GoodReads Summary: Deep, understated, and wise, this engaging YA novel, winner of the Governor General’s Award in Canada, is about more than the tough issue of teens dealing with obsessive-compulsive order. It also has romance, and a whodunit element that will keep readers guessing. Perfect for readers who love Eleanor & Park as well as All the Bright Places.

Adam Spencer Ross is almost fifteen, and he’s got his hands full confronting the everyday problems that come with having divorced parents and a stepsibling. Add to that his obsessive-compulsive disorder and it’s just about impossible for him to imagine ever falling in love. Adam’s life changes, however, the instant he meets Robyn Plummer: he is hopelessly, desperately drawn to her. But is it possible to have a normal relationship when your life is anything but?

Filled with moments of deep emotion and unexpected humor, The Unlikely Hero of Room 13B explores the complexities of living with OCD and offers the prospect of hope, happiness, and healing.

Review: Fourteen-year-old Adam Spencer Ross is coping with many struggles—his obsessive compulsive disorder, his mother’s troubles, and his step-brother’s reliance on him. Adam joins a support group and connects deeply with Robyn, a fellow group member. All of the group members adopt superhero alter egos, but Adam finds it difficult to hide the fact that his rituals are increasingly getting worse. Adam wonders how he can have a normal relationship amidst the chaos he feels. Emotionally-charged, raw story with complex characters.

Teachers’ Tools for Navigation: Similar to my post about Kids of AppetiteI’d love to include this book in a group of literature circle books that all reflect disability and friendship. It would be interesting for students to examine and conceptualize their definitions of normal. The ALAN Review‘s Fall 2016 issue is about (Re)Defining Normal, and many of the articles would be very useful for this very topic.

Discussion Questions: What struggles does Adam face? How do each of them impact his life?; What role does Adam’s mother play in his life? His father? Sweetie? Robin? Chuck? How do they all impact him positively and/or negatively?; How does Adam change throughout the novel?; What do the superhero personas offer the characters?; What is the role of family in the text? How may family be examined by traditionally and untraditionally within the context of the characters?

We Flagged: “I believe that I am a liar because I have to hide all the things I have to hide. It’s hard to remember where one lie ends and another begins. I believe lying that much changes you, makes you sick” (p. 12).

Read This If You Loved: Eleanor & Park by Rainbow Rowell, All the Bright Places by Jennifer Niven, The Fault in Our Stars by John Green, Not If I See You First by Eric Lindstrom

Recommended For:

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Kids of Appetite by David Arnold


kids of appetite

Kids of Appetite
Author: David Arnold
Published: September 20, 2016 by Viking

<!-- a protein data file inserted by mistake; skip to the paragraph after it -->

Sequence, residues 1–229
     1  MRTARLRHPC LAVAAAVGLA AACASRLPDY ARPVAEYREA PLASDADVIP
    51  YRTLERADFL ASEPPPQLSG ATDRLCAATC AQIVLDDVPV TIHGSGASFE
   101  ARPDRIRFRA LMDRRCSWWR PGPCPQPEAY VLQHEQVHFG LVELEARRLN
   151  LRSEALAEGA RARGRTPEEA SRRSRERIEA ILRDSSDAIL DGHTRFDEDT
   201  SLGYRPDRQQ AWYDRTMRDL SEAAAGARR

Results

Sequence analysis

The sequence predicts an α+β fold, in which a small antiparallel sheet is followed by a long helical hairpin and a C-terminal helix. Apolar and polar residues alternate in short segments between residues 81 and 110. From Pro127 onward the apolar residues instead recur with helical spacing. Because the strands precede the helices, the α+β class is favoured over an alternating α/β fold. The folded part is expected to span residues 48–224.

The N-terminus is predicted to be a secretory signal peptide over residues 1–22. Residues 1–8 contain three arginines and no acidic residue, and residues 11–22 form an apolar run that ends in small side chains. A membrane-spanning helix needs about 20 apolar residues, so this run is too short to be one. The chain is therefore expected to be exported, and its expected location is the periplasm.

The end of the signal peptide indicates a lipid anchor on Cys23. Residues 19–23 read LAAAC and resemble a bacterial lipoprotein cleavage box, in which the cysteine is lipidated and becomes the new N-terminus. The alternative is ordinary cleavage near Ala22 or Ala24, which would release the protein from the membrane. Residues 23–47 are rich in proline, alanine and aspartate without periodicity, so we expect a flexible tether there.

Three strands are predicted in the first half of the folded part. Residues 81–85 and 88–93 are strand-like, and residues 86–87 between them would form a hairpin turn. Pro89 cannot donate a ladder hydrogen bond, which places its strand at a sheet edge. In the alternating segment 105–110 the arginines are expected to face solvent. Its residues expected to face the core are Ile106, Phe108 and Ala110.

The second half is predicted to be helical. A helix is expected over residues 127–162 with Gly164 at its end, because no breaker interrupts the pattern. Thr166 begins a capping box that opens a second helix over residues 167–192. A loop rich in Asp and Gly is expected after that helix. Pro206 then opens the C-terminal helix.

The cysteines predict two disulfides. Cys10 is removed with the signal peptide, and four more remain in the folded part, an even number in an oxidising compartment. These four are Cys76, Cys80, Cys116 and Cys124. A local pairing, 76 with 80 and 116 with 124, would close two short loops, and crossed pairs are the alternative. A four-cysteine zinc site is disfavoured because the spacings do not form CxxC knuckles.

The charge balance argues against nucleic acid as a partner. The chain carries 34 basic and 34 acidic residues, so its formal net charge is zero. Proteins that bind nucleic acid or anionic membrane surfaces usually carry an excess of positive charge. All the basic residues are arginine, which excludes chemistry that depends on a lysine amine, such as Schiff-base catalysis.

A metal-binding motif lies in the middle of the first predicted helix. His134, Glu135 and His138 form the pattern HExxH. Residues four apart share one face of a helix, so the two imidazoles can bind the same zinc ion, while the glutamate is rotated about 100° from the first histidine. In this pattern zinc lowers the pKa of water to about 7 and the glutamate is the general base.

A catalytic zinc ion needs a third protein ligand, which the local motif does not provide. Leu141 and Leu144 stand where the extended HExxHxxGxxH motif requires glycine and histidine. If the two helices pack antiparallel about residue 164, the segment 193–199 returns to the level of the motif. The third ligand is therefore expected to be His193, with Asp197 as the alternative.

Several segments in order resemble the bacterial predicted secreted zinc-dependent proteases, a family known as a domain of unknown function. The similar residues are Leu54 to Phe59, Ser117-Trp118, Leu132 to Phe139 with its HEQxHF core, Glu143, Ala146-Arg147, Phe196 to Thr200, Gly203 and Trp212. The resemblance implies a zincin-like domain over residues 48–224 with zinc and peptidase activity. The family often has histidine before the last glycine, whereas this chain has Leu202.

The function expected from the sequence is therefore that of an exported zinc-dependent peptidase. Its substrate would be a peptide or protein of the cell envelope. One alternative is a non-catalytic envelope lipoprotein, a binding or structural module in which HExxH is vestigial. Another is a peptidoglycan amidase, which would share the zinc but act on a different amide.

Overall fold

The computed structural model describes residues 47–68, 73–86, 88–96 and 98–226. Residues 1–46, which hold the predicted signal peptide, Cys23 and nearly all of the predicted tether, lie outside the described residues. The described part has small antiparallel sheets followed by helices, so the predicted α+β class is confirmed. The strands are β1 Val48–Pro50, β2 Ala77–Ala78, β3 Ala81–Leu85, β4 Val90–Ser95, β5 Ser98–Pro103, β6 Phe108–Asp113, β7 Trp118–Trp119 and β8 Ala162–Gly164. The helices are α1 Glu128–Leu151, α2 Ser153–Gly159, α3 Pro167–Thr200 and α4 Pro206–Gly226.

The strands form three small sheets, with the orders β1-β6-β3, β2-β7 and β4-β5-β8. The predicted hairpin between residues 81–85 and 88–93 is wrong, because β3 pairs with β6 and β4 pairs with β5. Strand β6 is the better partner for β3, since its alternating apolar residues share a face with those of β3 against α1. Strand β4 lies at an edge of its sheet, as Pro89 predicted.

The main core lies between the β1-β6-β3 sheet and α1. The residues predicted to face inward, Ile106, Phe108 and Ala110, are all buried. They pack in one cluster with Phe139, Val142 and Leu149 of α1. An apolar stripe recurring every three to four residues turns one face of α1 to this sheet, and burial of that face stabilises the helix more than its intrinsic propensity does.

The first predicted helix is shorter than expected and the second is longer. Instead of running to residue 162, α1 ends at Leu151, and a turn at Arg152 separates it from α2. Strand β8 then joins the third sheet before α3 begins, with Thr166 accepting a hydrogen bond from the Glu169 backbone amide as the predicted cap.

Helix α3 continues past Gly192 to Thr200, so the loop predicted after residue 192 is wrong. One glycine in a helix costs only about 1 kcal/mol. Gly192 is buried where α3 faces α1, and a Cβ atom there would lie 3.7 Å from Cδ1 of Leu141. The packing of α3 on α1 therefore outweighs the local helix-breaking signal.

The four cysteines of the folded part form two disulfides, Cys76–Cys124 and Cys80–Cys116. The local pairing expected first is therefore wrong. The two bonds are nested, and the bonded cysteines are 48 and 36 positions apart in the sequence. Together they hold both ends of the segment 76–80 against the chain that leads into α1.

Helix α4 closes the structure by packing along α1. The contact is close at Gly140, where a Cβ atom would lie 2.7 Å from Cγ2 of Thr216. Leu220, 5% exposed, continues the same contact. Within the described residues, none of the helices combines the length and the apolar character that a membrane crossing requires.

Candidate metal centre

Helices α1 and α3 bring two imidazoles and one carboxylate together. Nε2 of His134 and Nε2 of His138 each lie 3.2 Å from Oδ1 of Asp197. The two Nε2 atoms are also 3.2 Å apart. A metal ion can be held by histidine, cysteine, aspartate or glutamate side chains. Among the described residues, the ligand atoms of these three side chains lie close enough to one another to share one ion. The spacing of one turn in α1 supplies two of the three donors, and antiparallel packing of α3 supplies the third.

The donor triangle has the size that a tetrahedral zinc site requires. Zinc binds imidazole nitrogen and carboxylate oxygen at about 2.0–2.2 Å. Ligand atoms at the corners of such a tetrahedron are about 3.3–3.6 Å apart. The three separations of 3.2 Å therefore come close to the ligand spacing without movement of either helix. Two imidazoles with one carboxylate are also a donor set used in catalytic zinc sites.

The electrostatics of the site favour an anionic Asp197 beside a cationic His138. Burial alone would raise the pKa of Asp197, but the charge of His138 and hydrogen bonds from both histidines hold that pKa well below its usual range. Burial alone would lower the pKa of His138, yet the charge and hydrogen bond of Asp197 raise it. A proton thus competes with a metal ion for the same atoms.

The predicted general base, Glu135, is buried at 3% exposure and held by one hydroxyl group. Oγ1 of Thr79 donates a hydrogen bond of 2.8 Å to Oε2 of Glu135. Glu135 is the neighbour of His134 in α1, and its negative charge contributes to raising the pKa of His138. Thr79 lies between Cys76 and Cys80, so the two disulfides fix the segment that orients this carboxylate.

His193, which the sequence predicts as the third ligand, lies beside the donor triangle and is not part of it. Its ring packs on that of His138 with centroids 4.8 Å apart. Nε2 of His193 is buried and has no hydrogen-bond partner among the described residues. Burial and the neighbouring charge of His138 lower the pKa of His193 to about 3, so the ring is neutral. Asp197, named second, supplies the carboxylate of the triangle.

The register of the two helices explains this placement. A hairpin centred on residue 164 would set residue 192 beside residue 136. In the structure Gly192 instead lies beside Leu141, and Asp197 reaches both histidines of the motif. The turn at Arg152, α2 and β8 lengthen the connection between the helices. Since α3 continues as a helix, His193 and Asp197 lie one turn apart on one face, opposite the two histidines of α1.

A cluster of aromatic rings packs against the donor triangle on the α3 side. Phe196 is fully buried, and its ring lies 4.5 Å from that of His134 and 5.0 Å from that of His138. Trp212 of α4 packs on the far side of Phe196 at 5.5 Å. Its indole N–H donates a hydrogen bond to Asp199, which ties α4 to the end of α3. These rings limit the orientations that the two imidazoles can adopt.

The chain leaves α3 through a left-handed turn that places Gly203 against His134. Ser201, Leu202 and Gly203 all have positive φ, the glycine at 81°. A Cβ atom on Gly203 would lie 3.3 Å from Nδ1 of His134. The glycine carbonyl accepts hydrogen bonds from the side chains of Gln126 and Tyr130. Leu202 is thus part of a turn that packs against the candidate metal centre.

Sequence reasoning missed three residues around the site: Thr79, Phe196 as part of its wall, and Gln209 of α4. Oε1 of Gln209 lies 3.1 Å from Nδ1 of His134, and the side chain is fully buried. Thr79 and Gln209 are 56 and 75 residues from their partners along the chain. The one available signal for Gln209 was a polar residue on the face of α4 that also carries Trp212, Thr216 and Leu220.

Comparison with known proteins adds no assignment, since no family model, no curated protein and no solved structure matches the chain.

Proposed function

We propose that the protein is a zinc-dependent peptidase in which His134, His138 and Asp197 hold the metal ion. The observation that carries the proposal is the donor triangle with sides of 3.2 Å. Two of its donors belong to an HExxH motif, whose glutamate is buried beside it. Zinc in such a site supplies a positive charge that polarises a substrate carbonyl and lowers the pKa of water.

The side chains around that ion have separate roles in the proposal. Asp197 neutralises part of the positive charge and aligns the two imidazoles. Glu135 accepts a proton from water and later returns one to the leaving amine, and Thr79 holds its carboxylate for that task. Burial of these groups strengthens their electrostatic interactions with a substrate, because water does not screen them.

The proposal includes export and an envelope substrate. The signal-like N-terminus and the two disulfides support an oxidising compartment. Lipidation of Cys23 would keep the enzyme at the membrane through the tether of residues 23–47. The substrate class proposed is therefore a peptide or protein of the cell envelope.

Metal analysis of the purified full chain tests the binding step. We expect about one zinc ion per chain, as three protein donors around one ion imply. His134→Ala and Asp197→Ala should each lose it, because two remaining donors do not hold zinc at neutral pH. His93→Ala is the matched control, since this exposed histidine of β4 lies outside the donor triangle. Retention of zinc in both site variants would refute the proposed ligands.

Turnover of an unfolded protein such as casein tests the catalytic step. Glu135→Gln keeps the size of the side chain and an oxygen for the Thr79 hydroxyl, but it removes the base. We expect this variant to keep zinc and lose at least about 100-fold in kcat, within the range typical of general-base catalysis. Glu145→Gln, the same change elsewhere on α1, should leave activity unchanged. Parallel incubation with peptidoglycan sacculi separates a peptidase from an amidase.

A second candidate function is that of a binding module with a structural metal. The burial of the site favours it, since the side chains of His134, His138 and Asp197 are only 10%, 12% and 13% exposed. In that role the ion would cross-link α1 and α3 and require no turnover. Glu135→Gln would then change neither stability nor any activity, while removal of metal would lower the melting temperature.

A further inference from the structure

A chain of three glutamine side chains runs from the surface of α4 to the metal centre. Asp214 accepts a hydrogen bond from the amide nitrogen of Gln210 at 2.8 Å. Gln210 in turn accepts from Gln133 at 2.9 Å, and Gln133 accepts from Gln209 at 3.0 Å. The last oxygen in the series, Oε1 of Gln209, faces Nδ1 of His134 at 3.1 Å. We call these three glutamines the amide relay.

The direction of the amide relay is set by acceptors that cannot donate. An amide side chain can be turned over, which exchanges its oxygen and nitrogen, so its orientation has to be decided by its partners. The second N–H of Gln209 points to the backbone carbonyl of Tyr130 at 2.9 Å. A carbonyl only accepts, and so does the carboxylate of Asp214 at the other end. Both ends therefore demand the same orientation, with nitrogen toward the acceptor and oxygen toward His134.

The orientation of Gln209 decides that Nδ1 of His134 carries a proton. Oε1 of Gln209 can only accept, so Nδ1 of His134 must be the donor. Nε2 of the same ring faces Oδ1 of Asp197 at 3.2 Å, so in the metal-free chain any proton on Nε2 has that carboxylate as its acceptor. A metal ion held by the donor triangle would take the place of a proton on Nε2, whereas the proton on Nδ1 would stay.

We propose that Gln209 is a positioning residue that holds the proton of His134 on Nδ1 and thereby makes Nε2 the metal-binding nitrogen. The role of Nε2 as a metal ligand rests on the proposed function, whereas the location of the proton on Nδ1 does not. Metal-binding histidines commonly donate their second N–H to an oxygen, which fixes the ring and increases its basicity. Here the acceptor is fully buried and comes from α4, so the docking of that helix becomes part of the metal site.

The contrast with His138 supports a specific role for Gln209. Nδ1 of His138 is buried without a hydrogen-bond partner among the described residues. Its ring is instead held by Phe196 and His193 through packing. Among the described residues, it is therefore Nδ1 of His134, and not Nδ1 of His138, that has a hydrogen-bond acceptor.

GoodReads Summary: The bestselling author of Mosquitoland brings us another batch of unforgettable characters in this tragicomedy about first love and devastating loss.

Victor Benucci and Madeline Falco have a story to tell.
It begins with the death of Vic’s father.
It ends with the murder of Mad’s uncle.
The Hackensack Police Department would very much like to hear it.
But in order to tell their story, Vic and Mad must focus on all the chapters in between.

This is a story about:

1. A coded mission to scatter ashes across New Jersey.
2. The momentous nature of the Palisades in winter.
3. One dormant submarine.
4. Two songs about flowers.
5. Being cool in the traditional sense.
6. Sunsets & ice cream & orchards & graveyards.
7. Simultaneous extreme opposites.
8. A narrow escape from a war-torn country.
9. A story collector.
10. How to listen to someone who does not talk.
11. Falling in love with a painting.
12. Falling in love with a song.
13. Falling in love.

Review: I fell into this book. From the moment I started reading, I had difficulty putting it down. David Arnold has true talent at engaging readers in a thought-provoking story in which the characters have great depth. The allusions to The Outsiders will not be lost on readers. This group of kids captured my heart just like the kids within the classic. Comparing the two stories is interesting, but this book explores very different issues, and I appreciated that the author didn’t seem to intentionally align the texts too much.

The point-of-view alternates between two characters, Vic and Mad. Vic has Moebius Syndrome, which causes partial facial paralysis. He is grieving the loss of his father and struggling to come to terms with his mother’s new relationship (and the mean-spirited step-brothers that come along with this). Mad is a tortured soul—dedicated to her grandmother but struggling with the losses of her parents and a very difficult situation (no spoilers here). The other members of the crew, who don’t have their own narrative sections but whose voices are very powerful, have individual struggles that weigh on them. This group of kids finds solace in each other, and the dynamic between them is unforgettable.